The International Labour Conference adopts landmark instruments on violence and harassment and a Declaration on the future of work. The Conference concluded its two-week session, which marked the Centenary of the ILO.
The Centenary Conference of the International Labour Organization (ILO) ended on Friday with the adoption of an unprecedented Convention and accompanying Recommendation to combat violence and harassment in the world of work, as well as a Declaration charting the way towards a human-centred future of work.
The ILO Centenary Declaration for the Future of Work, 2019 , is a reaffirmation of the relevance and importance of the ILO’s mandate in the changing world of work, a strong statement of intent, a mobilizing call, and a road map for action by the ILO itself.
“What we have adopted today is a roadmap, a compass to take us forward in the future of this Organization, because the future of work is the future of our Organization,” said ILO Director-General, Guy Ryder.
The Declaration looks to the future of work with a human-centred lens. It has a strong focus on enabling people to benefit from changes in the world of work, by strengthening the institutions of work to ensure adequate protection of all workers, and by promoting sustained, inclusive and sustainable growth and full and productive employment.
Specific areas for action identified include:
- The effective realization of gender equality in opportunities and treatment
- Effective lifelong learning and quality education for all
- Universal access to comprehensive and sustainable social protection
- Respect for workers’ fundamental rights
- An adequate minimum wage
- Maximum limits on working time
- Safety and health at work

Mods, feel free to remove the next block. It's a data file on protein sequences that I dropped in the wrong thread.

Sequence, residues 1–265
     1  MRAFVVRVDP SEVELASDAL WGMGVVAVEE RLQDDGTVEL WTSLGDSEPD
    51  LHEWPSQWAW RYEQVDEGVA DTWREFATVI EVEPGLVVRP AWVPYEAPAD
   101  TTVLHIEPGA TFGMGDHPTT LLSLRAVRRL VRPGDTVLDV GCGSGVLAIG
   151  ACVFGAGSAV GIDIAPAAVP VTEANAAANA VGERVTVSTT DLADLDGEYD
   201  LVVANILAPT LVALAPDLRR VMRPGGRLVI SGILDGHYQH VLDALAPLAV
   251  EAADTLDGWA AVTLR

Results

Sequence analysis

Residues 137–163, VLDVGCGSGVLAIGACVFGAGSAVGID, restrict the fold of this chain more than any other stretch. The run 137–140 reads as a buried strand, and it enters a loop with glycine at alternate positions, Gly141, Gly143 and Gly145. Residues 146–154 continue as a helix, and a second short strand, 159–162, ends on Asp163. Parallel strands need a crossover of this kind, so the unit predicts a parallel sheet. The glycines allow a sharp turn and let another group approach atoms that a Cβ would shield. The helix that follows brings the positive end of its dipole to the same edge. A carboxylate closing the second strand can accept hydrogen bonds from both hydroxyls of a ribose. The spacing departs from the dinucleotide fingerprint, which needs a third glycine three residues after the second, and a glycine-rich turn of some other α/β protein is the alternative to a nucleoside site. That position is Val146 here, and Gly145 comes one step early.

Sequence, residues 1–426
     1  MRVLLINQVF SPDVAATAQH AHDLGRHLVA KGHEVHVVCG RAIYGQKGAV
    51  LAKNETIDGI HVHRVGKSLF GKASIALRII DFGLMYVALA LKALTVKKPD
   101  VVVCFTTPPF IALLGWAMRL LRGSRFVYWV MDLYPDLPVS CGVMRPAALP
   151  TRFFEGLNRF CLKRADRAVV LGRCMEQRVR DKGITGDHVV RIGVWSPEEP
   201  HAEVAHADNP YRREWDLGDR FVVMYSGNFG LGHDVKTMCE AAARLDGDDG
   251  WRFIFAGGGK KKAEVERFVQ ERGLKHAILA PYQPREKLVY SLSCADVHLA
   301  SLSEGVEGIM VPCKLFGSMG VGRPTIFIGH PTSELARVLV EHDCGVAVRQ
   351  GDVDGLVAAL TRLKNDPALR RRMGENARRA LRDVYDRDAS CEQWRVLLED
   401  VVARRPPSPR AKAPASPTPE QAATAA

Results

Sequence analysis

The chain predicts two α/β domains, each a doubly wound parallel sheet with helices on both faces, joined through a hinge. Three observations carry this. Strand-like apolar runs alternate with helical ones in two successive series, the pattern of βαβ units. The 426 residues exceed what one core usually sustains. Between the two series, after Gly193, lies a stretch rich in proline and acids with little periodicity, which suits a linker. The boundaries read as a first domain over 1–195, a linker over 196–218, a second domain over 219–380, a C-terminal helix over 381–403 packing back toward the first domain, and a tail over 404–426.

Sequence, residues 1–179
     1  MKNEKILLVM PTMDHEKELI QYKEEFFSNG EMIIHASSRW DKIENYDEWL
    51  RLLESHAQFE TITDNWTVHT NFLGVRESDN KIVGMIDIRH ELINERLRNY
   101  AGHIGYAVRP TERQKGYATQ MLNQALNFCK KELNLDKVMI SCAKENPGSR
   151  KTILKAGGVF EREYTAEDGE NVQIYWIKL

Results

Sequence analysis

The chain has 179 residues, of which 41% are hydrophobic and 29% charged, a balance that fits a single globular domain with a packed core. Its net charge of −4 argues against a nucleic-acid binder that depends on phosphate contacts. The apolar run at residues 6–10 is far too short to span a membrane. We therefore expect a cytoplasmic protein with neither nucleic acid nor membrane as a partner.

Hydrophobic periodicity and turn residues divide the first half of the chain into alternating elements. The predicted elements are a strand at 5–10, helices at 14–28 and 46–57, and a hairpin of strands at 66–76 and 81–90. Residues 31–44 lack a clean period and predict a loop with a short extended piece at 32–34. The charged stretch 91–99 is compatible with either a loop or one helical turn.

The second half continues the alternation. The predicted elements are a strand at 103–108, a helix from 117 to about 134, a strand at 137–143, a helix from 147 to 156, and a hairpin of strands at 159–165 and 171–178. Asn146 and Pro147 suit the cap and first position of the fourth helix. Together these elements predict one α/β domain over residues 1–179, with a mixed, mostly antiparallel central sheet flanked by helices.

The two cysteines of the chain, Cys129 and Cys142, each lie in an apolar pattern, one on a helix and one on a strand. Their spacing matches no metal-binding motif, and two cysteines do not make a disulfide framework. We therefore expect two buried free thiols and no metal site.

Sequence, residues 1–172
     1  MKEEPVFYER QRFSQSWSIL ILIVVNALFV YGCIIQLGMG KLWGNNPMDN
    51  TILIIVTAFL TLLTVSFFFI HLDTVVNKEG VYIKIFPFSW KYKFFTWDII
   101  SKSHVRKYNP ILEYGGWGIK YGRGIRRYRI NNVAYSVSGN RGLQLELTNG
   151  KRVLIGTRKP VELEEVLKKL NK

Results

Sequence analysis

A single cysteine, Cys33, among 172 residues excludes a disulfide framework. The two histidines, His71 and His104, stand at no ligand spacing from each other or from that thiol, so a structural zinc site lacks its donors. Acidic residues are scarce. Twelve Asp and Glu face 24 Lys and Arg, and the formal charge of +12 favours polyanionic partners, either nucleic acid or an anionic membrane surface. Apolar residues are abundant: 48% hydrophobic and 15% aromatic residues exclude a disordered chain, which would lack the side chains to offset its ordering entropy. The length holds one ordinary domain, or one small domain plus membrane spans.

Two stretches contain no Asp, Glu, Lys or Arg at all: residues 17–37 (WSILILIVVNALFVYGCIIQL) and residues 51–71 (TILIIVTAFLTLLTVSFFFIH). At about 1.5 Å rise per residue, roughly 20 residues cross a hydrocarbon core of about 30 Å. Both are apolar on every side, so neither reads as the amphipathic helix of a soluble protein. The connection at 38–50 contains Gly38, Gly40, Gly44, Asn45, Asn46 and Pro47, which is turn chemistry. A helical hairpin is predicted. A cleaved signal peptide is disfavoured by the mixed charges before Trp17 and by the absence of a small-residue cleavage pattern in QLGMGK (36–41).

- Policies that promote decent work, and enhance productivity
- Policies and measures that ensure appropriate privacy and personal data protection, and respond to challenges and opportunities in the world of work relating to the digital transformation of work, including platform work.
UN Secretary-General António Guterres joined some three dozen world leaders who, in the course of the two-week International Labour Conference (ILC), delivered strong messages of support for the ILO and its social justice mandate.
“You are carrying forward the torch that was lit one hundred years ago to help build a new world – a world based on social justice, founded on a model of inclusion – with governments, workers and employers at the decision-making table together,” Guterres said.
Guterres told delegates that the Declaration “marks an historic opportunity to open a door to a brighter future for people around the world.”
“The Declaration is ambitious – setting out the basis for delivering the ILO’s mandate in its second century. But the Centenary Declaration is much more than a statement of wishes or intent. The Declaration proposes a shift in the paradigm of how we look at development,” he said.
Guterres also welcomed the adoption of the Violence and Harassment Convention, 2019, which is accompanied by a Recommendation.